Abbott entered into a definitive agreement to acquire St. Jude Medical for $25 billion in cash and stock. In a joint press release, the companies said the deal would create a “premier medical device leader with top positions in high-growth cardiovascular markets, including atrial fibrillation, structural heart and heart failure as well as a leading position in the high-growth neuromodulation market.”

Abbott will have combined annual sales of $8.7 billion in a $30 billion cardiovascular device market.

The deal has been approved by the boards of both companies and is subject to shareholder and customary regulatory approvals. 

Abbott is also in the process of acquiring Alere Inc., a point-of-care diagnostics company. Last week Abbott offered to pay $30 million to $50 million to terminate the deal, raising concerns about the accuracy of certain representations and warranties in the agreement. Alere reportedly rejected the offer, saying it was confident that “there is no basis for termination of the agreement” and that expects the agreement to be executed according to its terms.

AbbVie Inc. agreed to acquire Stemcentrx Inc. for $5.8 billion. South San Francisco-based Stemcentrx has five cancer drugs in development. AbbVie highlighted rovalpituzumab tesirine (Rova-T), a leading candidate for small-cell lung cancer, as a key driver of the acquisition.

“We have dedicated ourselves to oncology and we view it as our second major growth platform,” Abbive CEO Rick Gonzalez told Bloomberg. “Stemcentrx in particular fits well as a major platform play for us in solid tumors.”

Subject to customary approvals, the deal is expected to close in the second quarter of 2016.

Sanofi has offered $9.3 billion to acquire San Francisco-based Medivation. The deal was made public Thursday after Medivation reportedly rejected the cash offer, calling the bid “opportunistic” and “not in the best interests of its shareholders,” The New York Times reported. “Our board strongly believes that Medivation’s business plan will deliver value to our stockholders that is far superior to Sanofi’s offer and unanimously rejects your proposal,” the company said.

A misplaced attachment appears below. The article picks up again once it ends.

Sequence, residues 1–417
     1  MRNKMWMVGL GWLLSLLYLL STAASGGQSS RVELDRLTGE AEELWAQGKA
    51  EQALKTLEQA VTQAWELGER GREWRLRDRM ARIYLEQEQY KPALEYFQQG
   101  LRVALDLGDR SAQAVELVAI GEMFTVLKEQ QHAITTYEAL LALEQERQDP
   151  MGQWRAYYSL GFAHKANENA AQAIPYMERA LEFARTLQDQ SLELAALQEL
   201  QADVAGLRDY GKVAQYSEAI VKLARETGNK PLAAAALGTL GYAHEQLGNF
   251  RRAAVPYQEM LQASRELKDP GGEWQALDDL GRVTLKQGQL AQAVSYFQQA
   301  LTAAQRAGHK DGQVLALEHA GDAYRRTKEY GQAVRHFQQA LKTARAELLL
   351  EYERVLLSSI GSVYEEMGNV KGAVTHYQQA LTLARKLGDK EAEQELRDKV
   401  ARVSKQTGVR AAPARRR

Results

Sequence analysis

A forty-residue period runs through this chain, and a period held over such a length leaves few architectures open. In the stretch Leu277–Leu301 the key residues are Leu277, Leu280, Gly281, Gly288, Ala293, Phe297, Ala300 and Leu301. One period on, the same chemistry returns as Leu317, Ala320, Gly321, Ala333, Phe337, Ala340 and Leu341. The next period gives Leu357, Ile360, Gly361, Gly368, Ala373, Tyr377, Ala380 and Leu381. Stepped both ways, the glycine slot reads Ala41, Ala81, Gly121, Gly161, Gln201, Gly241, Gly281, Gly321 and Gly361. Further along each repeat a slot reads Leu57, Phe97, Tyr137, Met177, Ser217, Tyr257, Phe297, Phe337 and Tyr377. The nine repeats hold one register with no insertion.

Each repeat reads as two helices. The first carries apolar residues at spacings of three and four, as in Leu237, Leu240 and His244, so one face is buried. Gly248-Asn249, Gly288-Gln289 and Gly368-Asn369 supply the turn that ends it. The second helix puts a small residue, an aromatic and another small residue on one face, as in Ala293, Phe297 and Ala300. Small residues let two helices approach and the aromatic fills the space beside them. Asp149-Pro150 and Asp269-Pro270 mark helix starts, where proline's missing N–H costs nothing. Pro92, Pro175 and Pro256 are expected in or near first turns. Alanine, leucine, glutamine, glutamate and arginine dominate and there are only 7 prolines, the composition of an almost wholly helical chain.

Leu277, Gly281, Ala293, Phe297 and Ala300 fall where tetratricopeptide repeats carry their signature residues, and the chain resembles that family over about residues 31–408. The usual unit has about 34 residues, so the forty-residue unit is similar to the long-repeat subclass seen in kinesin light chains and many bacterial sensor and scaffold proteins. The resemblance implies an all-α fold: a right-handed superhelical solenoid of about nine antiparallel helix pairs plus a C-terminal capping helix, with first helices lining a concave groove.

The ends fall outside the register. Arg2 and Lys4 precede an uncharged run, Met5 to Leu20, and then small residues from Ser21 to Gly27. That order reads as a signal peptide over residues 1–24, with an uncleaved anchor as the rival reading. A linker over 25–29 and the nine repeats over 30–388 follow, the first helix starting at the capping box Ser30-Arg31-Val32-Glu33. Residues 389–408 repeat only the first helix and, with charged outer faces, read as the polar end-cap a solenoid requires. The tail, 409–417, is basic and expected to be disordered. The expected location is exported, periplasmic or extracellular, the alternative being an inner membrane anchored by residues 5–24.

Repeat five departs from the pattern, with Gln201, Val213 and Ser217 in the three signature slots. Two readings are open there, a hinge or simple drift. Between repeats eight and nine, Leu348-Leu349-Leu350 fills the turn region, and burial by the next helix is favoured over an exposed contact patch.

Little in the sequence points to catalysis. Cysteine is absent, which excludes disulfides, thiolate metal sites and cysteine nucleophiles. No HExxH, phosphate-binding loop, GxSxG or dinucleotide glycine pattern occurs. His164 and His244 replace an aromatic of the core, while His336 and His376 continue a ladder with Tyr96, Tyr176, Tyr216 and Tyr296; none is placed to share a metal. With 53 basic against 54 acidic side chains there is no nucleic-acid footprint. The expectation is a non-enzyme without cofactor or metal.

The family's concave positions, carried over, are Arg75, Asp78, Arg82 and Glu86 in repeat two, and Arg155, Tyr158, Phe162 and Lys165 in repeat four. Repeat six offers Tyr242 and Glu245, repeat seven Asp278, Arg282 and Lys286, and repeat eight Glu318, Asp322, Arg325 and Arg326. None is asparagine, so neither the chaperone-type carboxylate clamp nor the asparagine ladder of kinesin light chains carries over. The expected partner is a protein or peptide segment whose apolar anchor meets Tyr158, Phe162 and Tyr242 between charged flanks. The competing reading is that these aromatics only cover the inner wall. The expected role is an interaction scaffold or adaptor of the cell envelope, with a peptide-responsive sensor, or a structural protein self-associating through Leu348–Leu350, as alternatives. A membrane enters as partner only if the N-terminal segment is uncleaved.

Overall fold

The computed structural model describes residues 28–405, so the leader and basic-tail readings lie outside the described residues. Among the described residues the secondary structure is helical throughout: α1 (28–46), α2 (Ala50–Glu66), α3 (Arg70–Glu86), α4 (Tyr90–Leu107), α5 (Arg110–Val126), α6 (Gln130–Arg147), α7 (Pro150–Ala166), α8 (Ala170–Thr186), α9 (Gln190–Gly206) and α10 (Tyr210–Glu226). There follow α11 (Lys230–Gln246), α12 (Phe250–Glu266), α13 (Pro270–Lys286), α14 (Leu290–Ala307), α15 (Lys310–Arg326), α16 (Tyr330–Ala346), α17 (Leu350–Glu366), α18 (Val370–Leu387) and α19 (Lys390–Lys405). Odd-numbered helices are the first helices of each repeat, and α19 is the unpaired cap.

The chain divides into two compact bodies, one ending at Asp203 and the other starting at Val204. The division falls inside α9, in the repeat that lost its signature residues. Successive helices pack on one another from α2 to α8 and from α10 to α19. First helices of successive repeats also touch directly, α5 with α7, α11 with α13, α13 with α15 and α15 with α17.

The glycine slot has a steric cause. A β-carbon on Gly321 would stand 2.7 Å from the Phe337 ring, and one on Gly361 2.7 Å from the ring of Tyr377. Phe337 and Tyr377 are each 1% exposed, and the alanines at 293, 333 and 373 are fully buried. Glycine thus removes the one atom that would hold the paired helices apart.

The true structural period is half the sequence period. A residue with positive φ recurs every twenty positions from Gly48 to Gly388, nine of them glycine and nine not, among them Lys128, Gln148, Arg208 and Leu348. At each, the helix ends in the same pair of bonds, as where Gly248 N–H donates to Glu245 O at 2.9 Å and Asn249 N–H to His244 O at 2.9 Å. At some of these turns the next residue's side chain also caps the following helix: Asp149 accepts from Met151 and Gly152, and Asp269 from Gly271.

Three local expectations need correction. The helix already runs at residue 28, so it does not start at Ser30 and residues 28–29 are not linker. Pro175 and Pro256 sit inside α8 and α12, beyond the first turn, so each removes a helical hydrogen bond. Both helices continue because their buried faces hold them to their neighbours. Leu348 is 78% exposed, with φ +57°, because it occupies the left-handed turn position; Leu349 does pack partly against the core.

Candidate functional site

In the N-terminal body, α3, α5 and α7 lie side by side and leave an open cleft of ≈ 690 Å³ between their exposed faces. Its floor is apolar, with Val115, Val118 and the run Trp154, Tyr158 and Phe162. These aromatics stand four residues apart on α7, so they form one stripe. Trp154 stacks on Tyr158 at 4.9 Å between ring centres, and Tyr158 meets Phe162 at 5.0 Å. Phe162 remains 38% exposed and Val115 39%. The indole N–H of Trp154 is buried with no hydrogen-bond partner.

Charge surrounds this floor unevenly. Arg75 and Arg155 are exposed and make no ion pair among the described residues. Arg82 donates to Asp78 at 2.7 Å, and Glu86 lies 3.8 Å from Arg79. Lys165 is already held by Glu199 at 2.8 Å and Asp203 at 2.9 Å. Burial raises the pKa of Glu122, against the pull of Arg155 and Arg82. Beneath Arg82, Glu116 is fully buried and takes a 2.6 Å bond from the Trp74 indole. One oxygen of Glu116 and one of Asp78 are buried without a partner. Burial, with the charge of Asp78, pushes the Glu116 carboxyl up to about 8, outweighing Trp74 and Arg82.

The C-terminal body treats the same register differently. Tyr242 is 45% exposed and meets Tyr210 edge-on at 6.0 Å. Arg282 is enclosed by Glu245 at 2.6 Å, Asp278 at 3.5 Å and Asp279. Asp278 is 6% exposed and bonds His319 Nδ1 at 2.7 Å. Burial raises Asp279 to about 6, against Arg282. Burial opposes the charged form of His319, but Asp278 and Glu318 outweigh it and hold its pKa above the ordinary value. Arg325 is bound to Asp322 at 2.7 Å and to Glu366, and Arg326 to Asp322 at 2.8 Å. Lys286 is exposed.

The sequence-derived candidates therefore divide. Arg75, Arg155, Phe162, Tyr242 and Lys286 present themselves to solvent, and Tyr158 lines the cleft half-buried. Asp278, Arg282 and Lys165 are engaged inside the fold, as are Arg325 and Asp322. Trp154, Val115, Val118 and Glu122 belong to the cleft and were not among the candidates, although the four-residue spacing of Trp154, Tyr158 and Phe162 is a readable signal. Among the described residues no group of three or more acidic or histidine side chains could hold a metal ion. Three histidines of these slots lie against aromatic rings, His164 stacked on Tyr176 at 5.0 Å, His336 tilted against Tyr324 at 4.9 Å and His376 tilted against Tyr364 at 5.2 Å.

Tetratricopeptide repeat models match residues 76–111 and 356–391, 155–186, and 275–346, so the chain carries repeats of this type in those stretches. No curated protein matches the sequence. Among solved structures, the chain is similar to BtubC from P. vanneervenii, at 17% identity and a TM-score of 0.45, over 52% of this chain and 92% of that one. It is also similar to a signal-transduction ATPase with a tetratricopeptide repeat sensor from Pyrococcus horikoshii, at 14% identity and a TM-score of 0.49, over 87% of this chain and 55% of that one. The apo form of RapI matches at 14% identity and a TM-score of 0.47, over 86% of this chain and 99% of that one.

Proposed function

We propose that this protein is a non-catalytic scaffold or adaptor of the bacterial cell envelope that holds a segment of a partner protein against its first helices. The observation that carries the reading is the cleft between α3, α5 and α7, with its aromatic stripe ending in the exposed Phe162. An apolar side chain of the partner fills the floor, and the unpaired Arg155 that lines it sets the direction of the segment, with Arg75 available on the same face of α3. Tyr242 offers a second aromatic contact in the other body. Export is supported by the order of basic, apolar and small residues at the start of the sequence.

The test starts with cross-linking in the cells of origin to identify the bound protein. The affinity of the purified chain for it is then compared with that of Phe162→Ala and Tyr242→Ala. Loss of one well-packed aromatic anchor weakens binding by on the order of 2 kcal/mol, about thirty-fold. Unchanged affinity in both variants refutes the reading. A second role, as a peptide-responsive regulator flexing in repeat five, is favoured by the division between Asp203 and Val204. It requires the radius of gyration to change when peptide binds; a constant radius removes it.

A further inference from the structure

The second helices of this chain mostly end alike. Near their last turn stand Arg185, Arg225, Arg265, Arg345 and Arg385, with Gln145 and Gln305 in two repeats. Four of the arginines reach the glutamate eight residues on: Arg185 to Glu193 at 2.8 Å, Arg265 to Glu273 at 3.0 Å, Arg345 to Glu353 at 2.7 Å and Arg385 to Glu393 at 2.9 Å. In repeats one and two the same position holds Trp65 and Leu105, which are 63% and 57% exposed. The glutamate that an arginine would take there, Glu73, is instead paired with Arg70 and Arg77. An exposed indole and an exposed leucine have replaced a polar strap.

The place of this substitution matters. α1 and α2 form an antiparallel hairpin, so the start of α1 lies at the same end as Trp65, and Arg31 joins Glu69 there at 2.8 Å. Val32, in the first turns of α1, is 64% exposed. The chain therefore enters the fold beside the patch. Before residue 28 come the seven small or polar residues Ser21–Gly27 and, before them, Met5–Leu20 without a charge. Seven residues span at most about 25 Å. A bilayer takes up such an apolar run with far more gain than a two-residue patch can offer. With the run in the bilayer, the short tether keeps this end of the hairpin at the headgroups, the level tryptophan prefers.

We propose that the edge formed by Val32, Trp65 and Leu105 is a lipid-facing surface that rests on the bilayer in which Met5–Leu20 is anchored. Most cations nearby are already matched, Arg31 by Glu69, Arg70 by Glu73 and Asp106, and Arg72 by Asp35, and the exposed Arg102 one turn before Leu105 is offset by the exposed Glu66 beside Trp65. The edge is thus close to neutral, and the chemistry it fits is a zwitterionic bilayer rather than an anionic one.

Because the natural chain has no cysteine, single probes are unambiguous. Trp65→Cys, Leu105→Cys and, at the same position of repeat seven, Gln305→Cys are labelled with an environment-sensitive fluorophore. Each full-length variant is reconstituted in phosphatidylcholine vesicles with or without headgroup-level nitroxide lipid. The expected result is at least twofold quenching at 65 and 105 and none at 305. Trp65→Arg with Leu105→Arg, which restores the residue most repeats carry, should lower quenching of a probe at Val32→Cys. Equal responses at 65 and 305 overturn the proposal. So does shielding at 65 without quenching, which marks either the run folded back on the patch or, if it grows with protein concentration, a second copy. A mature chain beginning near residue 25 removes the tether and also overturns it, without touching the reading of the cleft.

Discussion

In response Friday, Sanofi said in a statement: “While to date Medivation has chosen not to enter into discussions regarding this value-creating transaction, Sanofi remains committed to the combination and looks forward to engaging directly with Medivation shareholders with regard to our proposal.”

Our Take: Collectively, these three deals represent $40 billion in acquisitions that were announced Thursday and according to Thomson Reuters, a $60 billion week overall in health care transactions. While that isn’t a record, it’s worth noting that manufacturers continue to consolidate in the wake of the effects of the Affordable Care Act and the need to prepare for changing reimbursement models.

It makes good business sense. If bundled payments and value-based contracts are underway—driving costs down and quality up—hospitals and payers will want to align with the largest firms, assuming that scale is synonymous with value.

That’s a big assumption. But it’s the gamble that these companies are willing to take.

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